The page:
Hahaha, yes that’s always a reasonable option! To save my reputation I will say: it wasn’t my machine…
We did manage to get it running with Cygwin. For those who are interested I’ll post how we did it.
Download Cygwin from here: https://www.cygwin.com/
Then install the package, there will come a point where it asks you to select extra packages to install. In the top of this section there is a search bar. Go into the search bar and search for the following terms:
vim: Install the main one titled ‘vim’, we also installed a bunch of others to be sure, not knowing what might work. If you don’t know what it is it’s just a text editing tool which comes in handy when using the terminal.
gcc: I guess it depends on your chipset, but we installed all the x86 packages that were labelled as developer (or ‘devel’), along with others which weren’t labelled with any particular chipset to be on the safe side, so that’s ‘gcc-fortran’, and some others, also all labelled ‘devel’.
make: Install make and cmake, just searching make will bring up both of these, go for the packages which are labelled simply ‘make’, and ‘cmake’, we didn’t install any others.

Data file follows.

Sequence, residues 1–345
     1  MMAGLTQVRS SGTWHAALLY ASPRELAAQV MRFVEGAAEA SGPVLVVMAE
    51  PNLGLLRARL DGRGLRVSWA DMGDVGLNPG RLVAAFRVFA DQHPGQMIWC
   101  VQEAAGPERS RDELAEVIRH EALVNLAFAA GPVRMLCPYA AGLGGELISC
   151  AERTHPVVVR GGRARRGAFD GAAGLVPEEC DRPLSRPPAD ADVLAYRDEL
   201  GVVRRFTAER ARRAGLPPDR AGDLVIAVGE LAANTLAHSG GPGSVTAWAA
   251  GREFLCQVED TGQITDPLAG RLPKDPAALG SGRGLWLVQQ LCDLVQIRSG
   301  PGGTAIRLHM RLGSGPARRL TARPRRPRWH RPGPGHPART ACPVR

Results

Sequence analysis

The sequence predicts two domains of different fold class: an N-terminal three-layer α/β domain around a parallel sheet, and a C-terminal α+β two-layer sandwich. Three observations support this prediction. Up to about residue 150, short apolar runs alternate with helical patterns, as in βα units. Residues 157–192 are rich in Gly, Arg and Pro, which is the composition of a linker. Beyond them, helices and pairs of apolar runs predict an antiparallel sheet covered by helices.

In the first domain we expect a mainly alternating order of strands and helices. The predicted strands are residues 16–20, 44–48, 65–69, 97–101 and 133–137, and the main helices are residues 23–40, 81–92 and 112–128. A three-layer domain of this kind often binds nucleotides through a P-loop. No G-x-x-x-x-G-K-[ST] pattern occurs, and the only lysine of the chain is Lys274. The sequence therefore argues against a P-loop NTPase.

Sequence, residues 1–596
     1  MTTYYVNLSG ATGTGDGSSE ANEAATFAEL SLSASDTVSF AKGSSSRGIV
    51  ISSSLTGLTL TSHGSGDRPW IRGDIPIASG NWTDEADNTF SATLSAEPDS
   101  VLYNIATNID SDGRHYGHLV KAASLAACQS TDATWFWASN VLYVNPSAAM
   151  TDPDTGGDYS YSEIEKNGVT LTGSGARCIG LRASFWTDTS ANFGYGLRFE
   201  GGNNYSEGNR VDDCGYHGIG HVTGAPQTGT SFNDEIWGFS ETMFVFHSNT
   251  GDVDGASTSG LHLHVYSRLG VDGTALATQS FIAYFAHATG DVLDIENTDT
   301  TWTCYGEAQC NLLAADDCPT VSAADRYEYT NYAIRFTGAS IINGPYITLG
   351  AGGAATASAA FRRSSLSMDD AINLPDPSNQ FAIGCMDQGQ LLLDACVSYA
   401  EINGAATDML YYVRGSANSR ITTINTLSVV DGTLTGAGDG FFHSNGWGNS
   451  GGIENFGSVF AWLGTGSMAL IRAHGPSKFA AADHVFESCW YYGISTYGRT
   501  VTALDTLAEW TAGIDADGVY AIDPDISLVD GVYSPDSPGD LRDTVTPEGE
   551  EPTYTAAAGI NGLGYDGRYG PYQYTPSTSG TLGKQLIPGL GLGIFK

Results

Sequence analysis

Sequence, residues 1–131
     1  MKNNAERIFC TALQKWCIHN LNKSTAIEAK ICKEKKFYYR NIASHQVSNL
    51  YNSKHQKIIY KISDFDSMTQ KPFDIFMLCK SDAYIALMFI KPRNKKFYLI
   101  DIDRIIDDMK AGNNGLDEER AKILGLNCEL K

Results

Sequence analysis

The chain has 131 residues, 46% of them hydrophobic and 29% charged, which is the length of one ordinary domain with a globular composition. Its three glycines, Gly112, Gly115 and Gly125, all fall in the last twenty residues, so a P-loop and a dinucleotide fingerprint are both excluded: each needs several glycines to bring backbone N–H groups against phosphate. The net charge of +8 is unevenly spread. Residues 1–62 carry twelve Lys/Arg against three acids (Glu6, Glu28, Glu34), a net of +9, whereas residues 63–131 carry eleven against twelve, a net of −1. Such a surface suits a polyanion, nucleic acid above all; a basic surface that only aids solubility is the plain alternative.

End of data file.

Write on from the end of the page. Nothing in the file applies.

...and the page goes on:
others?: There may have been some others but I don’t have the list to hand right now, if you know of any other requirements post them below.
Once you’ve downloaded all the packages above you can run the compilation command within Cygwin just as you would within a Unix terminal: cd Src followed by ./mkgulp . If you run into any problems during compilation it will generally give you a prompt which will let you know what extra packages you need to include in you Cygwin installation. Rerun the Cygwin setup, and select the new packages and try again!
One final note, there is an Include header in the standard gulp make file which points to a folder which doesn’t exist on the windows operating system, it’s something like usr/local/include. That means on compilation you’ll get a warning on every compile that usr/local/include is a bad include and doesn’t exist. Don’t worry about it, it makes no difference to the compilation, and we compiled and ran gulp just fine!
You should now have a working gulp binary! Try running some of the examples in the examples folder within Cygwin!
Thanks again Julian for the great information! Fortunately I didn’t have to mess around with makefiles this time!! Out of interest I see GULP is now 6.0 and it seemed to compile fine with gcc-10.2.*, was that the purpose of the update? Or are there more new features?